Forty-nine percent of the patients enrolled in the study had no UI complaint and no prolapse was found upon dMRI. Fifteen percent of the study population had mild prolapse findings on dMRI even if they had no complaints. These patients can be named silent POP patients since they have no visible POP on examination. Previous studies dealing with asymptomatic patients have shown that POP can be diagnosed in the absence of levator plate abnormalities or muscle weaknesses but in the presence of endopelvic fascial defects or pure connective tissue disorders. These asymptomatic patients may present problems later on, and therefore should be followed-up [12,27].

Twenty five percent of the study group with UI complaint had no prolapse findings on dMRI and no visible POP on physical examinations. In these cases, the reason could have been related to urge UI or overactive bladder. Since cystometry was not performed to any of the patients, the cause could not be determined.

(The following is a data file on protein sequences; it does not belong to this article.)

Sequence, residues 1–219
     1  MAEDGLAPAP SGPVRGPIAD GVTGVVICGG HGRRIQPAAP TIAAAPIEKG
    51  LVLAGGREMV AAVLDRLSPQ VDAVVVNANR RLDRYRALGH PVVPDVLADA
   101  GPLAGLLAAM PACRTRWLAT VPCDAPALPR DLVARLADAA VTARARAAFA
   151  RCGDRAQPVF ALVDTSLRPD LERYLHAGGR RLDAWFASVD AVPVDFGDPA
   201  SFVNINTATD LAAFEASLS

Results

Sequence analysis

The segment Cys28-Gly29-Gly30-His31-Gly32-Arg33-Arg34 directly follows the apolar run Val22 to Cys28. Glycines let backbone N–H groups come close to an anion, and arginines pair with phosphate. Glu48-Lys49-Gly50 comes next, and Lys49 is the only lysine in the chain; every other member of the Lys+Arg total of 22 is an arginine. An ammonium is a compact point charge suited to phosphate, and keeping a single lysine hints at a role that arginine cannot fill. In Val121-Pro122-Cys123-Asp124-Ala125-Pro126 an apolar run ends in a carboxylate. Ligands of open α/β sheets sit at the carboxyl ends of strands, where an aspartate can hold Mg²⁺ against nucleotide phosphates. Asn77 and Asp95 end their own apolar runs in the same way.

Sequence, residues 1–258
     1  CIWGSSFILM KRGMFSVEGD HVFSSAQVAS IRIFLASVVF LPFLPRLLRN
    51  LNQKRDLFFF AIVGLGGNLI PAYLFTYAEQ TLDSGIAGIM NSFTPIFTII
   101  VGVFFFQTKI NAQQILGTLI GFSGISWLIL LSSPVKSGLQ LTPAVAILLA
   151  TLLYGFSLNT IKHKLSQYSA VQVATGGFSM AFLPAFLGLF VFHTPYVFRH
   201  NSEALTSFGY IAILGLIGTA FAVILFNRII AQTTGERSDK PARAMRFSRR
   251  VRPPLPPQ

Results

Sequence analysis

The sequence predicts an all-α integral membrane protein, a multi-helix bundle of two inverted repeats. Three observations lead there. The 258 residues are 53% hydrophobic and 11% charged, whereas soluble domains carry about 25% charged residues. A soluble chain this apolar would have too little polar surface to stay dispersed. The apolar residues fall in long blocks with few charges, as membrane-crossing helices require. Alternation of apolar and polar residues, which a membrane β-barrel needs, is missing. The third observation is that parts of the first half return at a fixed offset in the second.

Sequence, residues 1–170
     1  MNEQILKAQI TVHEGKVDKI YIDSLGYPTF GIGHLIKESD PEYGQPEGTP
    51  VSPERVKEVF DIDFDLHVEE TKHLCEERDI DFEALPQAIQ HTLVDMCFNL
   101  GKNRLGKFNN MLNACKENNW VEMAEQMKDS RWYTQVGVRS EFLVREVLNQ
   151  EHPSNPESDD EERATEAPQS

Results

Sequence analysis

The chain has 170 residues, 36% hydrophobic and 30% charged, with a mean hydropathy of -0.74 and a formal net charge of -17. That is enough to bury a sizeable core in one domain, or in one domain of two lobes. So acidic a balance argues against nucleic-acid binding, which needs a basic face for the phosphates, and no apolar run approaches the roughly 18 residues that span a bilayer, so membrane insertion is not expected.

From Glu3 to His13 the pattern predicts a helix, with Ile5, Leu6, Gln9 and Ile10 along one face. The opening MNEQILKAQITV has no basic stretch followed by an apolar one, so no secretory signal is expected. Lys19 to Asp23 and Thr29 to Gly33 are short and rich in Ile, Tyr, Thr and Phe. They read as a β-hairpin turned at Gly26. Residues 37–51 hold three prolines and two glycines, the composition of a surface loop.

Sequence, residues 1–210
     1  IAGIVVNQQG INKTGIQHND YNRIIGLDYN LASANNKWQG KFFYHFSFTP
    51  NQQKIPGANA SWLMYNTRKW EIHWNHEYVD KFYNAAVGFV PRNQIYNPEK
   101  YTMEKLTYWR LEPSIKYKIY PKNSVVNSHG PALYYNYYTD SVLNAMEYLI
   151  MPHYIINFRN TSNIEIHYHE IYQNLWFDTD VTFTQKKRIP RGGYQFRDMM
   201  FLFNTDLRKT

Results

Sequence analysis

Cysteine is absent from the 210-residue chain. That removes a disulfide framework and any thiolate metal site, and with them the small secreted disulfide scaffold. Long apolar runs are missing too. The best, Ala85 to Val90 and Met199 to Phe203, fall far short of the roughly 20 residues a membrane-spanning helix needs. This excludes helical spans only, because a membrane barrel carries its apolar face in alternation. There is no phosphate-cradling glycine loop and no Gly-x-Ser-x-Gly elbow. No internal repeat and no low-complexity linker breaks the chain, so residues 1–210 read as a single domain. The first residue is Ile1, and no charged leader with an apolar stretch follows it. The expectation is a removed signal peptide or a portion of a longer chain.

Eleven percent of patients enrolled in the study with UI complaints had positive prolapse findings on dMRI. The apex of the vagina is marked by PCL-M and MPL-M, with the supporting connective tissue structures such as both uterosacral ligaments and rectovaginal fascia. In our study, a weak positive association between UI complaint and POP in the middle compartment was identified by dMRI when PCL and MPL were used as reference. However, this weak association could have been related to the fact that the dMRI defined POP was not visible during pelvic examination.

The apex of the bladder is marked by PCL-A and MPL-A, with the supporting connective tissue structures such as the pubocervical fascia and the arcus tendineus fascia pelvis. The descent with respect to the reference lines with strain was not associated with UI. The possible explanation could be that the women in our study had no physically detected anterior vaginal wall prolapse.